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Code: prototype vs production

I’m a big fan of making prototypes as part of a User-Centered Design process. I even prefer to skip doing wireframes entirely and instead use sketches, (heavily annotated) prototypes (that have been tested with users), and Style Tiles to start work on a Front-end Style Guide. For this work, a designer and a developer need to work closely together, so it can sometimes be hard to do.

I prefer more interactive prototypes that let you do stuff rather than the clickable-hot-spot prototypes that most tools offer. Since I’m a Front-end Developer, I like to make those prototypes myself in HTML, CSS, and JavaScript, rather than using a tool to do so. To make sure that I can make the prototypes quickly, I’ll often use a framework like Bootstrap or Foundation.

Throw away prototype code

This code is written just for testing the prototype, and won’t be used in production, so I let myself be a bit sloppy (e.g. don’t write tests). For the prototype how it works is more important the code quality. Another reason the prototype code doesn’t make it to the live site is because frameworks like Bootstrap and Foundation tend to be quite heavy in terms of size. There are tools like unCSS that can remove unused CSS, but I’ve have mixed results with them. It feels a little like fixing the symptom rather than the problem: I’d rather write less CSS in the first place, and have a simpler code base with lots of reusable modules.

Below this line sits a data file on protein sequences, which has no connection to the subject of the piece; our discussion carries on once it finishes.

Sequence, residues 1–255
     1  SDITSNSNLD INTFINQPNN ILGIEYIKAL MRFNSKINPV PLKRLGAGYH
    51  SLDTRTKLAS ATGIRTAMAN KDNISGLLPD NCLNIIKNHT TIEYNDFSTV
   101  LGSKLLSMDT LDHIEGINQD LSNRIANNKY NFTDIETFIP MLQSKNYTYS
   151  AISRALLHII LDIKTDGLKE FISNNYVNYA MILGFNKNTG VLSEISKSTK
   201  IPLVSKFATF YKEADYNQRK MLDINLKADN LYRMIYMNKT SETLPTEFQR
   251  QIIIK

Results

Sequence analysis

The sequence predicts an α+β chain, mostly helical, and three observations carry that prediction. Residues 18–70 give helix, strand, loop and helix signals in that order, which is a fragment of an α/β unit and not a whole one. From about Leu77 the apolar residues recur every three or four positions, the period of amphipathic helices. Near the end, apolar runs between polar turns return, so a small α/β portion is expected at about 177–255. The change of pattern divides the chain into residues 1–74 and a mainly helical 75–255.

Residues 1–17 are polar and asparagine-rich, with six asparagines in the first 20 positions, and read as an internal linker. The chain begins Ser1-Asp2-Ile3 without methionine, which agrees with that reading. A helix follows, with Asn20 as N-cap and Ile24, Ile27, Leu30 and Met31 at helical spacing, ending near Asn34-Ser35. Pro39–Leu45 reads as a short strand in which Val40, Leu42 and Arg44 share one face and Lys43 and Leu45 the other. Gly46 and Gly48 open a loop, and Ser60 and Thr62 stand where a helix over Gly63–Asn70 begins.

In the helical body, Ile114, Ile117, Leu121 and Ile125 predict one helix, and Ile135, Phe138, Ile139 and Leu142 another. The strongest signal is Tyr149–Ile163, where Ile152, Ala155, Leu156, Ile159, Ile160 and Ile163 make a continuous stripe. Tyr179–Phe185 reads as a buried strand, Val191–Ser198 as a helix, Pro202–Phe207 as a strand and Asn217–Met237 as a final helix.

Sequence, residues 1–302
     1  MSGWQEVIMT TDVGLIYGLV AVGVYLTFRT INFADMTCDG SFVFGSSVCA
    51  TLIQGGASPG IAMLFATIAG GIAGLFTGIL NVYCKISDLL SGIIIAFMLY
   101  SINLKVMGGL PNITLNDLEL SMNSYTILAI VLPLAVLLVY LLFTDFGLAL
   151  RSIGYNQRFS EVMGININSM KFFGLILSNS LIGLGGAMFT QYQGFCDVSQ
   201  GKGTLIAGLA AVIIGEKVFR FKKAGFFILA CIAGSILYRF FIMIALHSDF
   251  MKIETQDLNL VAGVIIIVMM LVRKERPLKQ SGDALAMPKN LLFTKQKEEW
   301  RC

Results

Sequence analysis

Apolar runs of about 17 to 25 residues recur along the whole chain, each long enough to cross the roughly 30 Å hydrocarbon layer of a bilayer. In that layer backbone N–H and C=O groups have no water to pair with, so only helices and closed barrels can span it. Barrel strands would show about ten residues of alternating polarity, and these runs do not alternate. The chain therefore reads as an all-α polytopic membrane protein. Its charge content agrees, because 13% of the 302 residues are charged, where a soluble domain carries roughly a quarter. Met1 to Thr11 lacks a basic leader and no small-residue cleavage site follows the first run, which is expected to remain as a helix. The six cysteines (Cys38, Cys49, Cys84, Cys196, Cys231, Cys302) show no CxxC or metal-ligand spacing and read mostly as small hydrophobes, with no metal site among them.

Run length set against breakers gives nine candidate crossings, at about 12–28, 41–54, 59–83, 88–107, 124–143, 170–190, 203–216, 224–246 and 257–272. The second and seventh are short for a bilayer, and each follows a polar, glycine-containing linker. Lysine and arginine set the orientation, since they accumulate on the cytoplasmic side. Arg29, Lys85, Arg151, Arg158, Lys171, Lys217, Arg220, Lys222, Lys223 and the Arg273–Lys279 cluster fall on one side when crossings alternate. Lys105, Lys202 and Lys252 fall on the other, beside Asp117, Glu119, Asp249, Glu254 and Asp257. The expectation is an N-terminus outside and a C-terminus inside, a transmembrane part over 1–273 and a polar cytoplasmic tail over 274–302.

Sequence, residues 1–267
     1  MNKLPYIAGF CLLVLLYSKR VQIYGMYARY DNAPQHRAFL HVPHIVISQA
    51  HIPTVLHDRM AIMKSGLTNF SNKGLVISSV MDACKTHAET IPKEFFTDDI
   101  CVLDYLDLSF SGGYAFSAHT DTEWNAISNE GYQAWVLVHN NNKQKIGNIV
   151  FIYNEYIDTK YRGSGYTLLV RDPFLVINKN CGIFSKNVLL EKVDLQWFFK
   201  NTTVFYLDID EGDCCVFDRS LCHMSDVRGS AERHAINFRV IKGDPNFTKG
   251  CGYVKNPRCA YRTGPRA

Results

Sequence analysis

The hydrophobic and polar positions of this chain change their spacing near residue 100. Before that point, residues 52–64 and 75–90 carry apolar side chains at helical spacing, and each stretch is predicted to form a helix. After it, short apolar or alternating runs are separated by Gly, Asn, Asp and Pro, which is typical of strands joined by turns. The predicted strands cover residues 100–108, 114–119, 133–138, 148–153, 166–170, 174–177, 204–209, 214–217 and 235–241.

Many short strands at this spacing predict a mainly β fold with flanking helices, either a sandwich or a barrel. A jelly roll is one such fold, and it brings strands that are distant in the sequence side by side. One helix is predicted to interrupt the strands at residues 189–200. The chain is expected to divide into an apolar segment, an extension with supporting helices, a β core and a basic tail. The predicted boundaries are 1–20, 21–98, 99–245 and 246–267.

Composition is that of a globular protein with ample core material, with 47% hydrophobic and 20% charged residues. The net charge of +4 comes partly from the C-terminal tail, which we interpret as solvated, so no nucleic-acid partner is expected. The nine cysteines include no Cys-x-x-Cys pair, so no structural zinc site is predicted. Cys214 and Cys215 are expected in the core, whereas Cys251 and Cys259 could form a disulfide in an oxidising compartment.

Zurb’s Foundation

Foundation 6, Prototype to Production on the Zurb blog is a very interesting read. They set out a clear set of principles that guide the decisions they make about Foundation for both prototype and production use. The most exciting part for me is the focus on Front-end performance, starting with a lighter Theme and file size:

We’re approaching this problem two fold with Foundation 6 by styling the already minimal framework less from the start and giving users easier tools to strip files themselves.

I’m still not sure I’d use a framework like this for production code, and I certainly wouldn’t want to use my sloppy prototype code in production, but it is awesome to see Zurb trimming down their framework and giving more power to developers to pick out just the bits they want.